Department of Dermatology, Universitätsklinikum Erlangen, Erlangen,
Department of Internal Medicine, Klinikum Fürth, Fürth,
Institute of Medical Psychology and Behavioral Immunobiology, Universitätsklinikum Essen (AöR), Germany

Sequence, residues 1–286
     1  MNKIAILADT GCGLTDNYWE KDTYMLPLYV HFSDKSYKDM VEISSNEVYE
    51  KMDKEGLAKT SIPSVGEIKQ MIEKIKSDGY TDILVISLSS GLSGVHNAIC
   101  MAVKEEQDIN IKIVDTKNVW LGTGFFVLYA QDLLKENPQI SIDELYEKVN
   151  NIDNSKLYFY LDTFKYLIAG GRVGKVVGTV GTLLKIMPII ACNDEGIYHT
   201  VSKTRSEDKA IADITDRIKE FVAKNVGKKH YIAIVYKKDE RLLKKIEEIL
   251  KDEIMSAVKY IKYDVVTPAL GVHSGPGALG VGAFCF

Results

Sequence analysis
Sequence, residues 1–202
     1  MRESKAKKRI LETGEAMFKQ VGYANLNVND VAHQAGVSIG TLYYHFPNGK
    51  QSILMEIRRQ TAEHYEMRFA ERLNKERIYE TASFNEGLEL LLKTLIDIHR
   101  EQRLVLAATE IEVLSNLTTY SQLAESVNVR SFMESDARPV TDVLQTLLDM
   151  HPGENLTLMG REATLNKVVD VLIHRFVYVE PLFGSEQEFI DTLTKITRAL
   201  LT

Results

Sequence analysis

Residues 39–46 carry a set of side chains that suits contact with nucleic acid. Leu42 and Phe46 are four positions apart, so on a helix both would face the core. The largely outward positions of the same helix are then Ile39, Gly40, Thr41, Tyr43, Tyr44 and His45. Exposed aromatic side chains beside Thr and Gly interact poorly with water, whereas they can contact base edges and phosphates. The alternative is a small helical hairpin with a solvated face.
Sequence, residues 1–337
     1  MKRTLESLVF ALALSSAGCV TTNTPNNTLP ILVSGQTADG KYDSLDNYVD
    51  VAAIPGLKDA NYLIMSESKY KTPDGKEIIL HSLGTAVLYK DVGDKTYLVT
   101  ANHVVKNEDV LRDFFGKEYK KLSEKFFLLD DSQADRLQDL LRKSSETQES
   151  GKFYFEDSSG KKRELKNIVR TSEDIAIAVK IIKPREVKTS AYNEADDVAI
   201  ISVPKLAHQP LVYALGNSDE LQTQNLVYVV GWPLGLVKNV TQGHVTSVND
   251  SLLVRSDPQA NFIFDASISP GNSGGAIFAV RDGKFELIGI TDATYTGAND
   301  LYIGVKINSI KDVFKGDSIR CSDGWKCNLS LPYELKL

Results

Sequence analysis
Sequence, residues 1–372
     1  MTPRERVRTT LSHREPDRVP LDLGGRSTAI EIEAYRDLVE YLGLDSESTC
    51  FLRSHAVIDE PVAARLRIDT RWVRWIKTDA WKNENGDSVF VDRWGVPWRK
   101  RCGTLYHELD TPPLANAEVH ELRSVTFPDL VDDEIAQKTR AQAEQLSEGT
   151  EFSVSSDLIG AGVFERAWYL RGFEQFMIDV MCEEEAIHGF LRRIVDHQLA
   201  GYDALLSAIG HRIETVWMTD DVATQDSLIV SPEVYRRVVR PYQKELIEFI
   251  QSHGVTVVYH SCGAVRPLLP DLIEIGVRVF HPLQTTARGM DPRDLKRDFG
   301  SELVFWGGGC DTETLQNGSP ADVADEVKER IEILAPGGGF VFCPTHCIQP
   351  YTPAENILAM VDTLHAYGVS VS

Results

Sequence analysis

Background: The possible impact of nutritional status on healing and course of disease in patients with chronic wounds is widely suggested, however, most data are based on small groups of patients with no control group and minor afflictions. Clear diagnostic strategies are missing. Objectives: To analyse in detail the nutritional status of chronic wound patients relative to healthy controls based on a large patient population. Material and Methods: We screened a group of 50 patients for their nutritional status based on body mass index (BMI), the Mini-Nutritional Assessment (MNA), and Nutritional Risk Screening (NRS), as well as additional laboratory investigations. Twenty-five patients suffered from chronic venous leg ulcers and were compared with a matching control group of 25 patients with acute surgical wounds. Results: Patients with chronic venous leg ulcers showed significantly higher BMI, hyperhomocysteinaemia, and higher levels of serum copper but significantly lower levels of vitamin B6, B9 and C, as well as a significantly lower level of zinc. Vitamin D deficiency was present in both groups, however, severe vitamin D deficiency was present only in the leg ulcer group. Mobility was significantly reduced in patients with leg ulcers. Conclusion: Ulcer patients are often obese but suffer from qualitative malnutrition, including a lack of vitamin D, which might be explained by reduced mobility and being housebound. Hypoalbuminaemia, as a sign of protein deficiency, was observed significantly more often in patients with chronic leg ulcers, irrespective of wound area or wound duration.